Rent seeking is one of the core pillars of the study of political economy. Its use in economics is negative and denotes detrimental political and economic activity. Why is that so?
Under most circumstances, the owners of an input of production -- land, labour, machines, and capital -- will only be able to earn a normal profit (as opposed to a high profit) because competition in the market place will equalise their returns.
The only way for owners of an input of production to extract additional profit would be to cartelise and monopolise. The most effective way to do this is to lobby government to set up regulatory and legal barriers to market entry.
The process of lobbying government is a political process. Economists call such lobbying “rent seeking” because the objective is to secure economic rents that are higher than the normal profits obtainable by competing in the economic market place.
In the economic market, competition drives down costs and promotes innovation, because both incumbents in the market and newcomers can constantly challenge successful firms and individuals.
In the political “market,” the purpose of competition is often to secure government authority to limit market entry by newcomers so as to earn higher returns through cartelization.
The political competition that underpins this rent seeking creates not only a less competitive economy, but a more divided society and a less inclusive polity that curtails freedom.
Industries that are heavily regulated by government, where business has to constantly work closely with government, are much more prone to rent seeking. Building, construction, development, transportation, mining, energy, communications, and so on are often characterised by a high degree of government regulation.
Rent seeking is also more pervasive in less market-oriented economies because the government allocates a large share of the resources (or inputs of production) in society. Societies with big governments and planned economies have more rent-seeking activities and are less efficient and innovative.
China’s high economic growth rates in the past three and a half decades have been the result of curtailing rent seeking through reforms that limit the reach of government and expanding market competition, in contrast with the previous period.
A profoundly devastating issue in rent seeking is the dissipation of economic rent into the rest of the economy. This happens when individuals and businesses commit resources to lobbying government officials and politicians in order to secure higher rent seeking profits.
Such resources can take many forms – hiring lobbyists, launching an advertising campaign to influence public opinion, funding writers and opinion makers to drum up public support, organizing protestors or advocates, and so on – day to day politicking.
These resources cut into the higher economic rents to be gained if the lobbying is successful. There may also be competitors spending on their own rent seeking, as well as parties who lobby to prevent the creation of any such economic rents.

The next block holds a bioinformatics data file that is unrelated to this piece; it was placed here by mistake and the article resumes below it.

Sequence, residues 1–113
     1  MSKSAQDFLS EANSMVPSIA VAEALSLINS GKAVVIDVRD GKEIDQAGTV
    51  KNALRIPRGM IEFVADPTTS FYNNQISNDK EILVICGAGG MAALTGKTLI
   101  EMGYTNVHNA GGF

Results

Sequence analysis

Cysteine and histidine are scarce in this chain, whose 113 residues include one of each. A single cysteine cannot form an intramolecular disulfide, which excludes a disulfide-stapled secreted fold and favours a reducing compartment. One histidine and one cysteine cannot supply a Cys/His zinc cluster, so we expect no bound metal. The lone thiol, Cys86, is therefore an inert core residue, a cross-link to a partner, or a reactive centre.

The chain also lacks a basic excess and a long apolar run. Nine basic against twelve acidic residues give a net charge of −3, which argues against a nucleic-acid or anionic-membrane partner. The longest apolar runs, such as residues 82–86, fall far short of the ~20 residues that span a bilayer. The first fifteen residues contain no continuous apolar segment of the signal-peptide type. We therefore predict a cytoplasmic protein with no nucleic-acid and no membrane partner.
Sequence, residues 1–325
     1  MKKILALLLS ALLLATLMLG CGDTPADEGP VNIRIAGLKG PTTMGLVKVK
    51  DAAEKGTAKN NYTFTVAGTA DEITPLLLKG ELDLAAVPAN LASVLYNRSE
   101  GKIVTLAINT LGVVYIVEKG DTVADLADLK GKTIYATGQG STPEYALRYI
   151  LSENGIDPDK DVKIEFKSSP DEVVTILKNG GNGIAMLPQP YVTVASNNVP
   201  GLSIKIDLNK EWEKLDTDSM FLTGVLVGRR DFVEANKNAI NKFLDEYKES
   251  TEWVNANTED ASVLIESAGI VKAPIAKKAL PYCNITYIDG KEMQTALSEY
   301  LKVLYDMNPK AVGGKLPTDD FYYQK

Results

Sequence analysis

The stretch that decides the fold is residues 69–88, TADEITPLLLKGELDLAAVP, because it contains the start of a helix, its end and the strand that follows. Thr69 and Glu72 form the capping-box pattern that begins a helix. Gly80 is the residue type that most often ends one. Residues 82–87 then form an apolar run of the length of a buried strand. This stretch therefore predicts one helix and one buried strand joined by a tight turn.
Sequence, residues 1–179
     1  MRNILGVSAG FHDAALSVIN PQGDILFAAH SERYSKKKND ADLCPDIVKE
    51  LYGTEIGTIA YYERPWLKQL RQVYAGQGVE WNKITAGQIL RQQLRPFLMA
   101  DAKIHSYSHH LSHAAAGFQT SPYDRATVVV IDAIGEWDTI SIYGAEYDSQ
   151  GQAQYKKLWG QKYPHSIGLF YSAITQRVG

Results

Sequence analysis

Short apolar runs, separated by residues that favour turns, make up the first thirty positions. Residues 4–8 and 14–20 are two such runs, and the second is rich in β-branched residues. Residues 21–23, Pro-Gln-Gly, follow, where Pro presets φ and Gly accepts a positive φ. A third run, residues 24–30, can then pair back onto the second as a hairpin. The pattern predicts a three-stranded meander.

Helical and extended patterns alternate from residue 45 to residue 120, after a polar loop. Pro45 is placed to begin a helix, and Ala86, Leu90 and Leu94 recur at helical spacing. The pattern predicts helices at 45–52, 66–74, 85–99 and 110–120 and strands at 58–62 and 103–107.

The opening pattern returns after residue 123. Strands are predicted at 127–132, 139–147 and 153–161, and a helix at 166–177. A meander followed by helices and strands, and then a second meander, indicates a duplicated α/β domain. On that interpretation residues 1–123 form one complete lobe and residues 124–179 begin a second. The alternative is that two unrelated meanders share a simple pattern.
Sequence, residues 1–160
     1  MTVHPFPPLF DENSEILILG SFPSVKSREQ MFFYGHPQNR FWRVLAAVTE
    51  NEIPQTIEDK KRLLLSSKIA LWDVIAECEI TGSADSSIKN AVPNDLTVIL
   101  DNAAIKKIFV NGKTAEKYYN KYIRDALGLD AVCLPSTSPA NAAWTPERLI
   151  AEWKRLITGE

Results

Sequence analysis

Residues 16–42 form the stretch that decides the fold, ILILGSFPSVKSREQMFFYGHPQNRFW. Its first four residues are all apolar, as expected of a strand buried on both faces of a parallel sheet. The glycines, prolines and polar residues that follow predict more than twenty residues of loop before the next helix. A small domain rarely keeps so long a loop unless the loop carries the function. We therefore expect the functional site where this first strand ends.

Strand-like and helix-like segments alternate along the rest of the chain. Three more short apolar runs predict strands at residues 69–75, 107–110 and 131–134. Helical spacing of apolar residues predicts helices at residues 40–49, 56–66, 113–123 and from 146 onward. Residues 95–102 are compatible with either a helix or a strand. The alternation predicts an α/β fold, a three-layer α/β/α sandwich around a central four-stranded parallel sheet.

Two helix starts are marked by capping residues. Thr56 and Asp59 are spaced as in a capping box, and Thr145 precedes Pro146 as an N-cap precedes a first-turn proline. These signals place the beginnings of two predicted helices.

Spending on rent seeking efforts transfers income rather than creates income. The hired lobbyists, advertisers, writers, etcetera could have spent their time and effort in other more productive activities.
Professors Kevin Murphy, Andrei Shleifer, and Robert Vishny showed that the most devastating aspect of rent seeking behavior is that it creates incentives for individuals to choose careers specialising in rent seeking work.
Using enrolment in law studies as a proxy for rent seeking work, and enrolment in engineering studies as a proxy for entrepreneurial work, and applying that to a sample of 55 countries during 1970-85, they found higher enrolments of law students were associated with lower growth rates, while higher enrolments of engineering students were associated with higher growth rates.
One argument in favour of democracies is that in an open society, everyone can lobby government – the idea being that political competition could achieve a dynamic shifting balance of interests to limit excessive rent seeking. But in practise, few countries attain this balance.
If 100 businesses conspire to raise the price of a product by US$1 and one million customers each buy one unit of the product, then each business will earn US$10,000 but each customer will lose only US$1. The incentive for the 100 businesses to become organised and lobby government will be much larger than the incentive of one million customers to organize and mount a counter-lobby.
Furthermore the cost of organising 100 businesses is much smaller than organising one million customers.
Rent seeking harms economic growth by reducing competition and innovation. It leads to the wasteful use of valuable resources and talents in unproductive activities and invariably redistributes resources from large unorganised populations to small organised groups.
Rent seeking is not only bad for economic growth because most rents are ultimately dissipated, but it also produces divided societies and non-inclusive polities.